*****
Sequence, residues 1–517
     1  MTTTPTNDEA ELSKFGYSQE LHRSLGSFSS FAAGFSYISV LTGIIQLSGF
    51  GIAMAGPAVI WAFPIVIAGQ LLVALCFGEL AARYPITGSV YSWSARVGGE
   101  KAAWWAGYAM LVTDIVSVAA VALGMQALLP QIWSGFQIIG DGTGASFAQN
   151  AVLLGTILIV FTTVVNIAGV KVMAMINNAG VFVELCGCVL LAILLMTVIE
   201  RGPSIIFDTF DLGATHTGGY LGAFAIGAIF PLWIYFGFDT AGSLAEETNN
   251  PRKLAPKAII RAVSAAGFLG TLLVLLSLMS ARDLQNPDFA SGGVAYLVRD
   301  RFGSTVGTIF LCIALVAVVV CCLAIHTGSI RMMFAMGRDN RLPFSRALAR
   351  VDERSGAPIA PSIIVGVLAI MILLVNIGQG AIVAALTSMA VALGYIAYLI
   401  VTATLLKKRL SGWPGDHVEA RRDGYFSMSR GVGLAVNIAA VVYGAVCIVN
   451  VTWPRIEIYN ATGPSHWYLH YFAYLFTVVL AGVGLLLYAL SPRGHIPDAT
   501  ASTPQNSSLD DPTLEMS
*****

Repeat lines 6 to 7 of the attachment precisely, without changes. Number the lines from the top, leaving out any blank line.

   201  RGPSIIFDTF DLGATHTGGY LGAFAIGAIF PLWIYFGFDT AGSLAEETNN
   251  PRKLAPKAII RAVSAAGFLG TLLVLLSLMS ARDLQNPDFA SGGVAYLVRD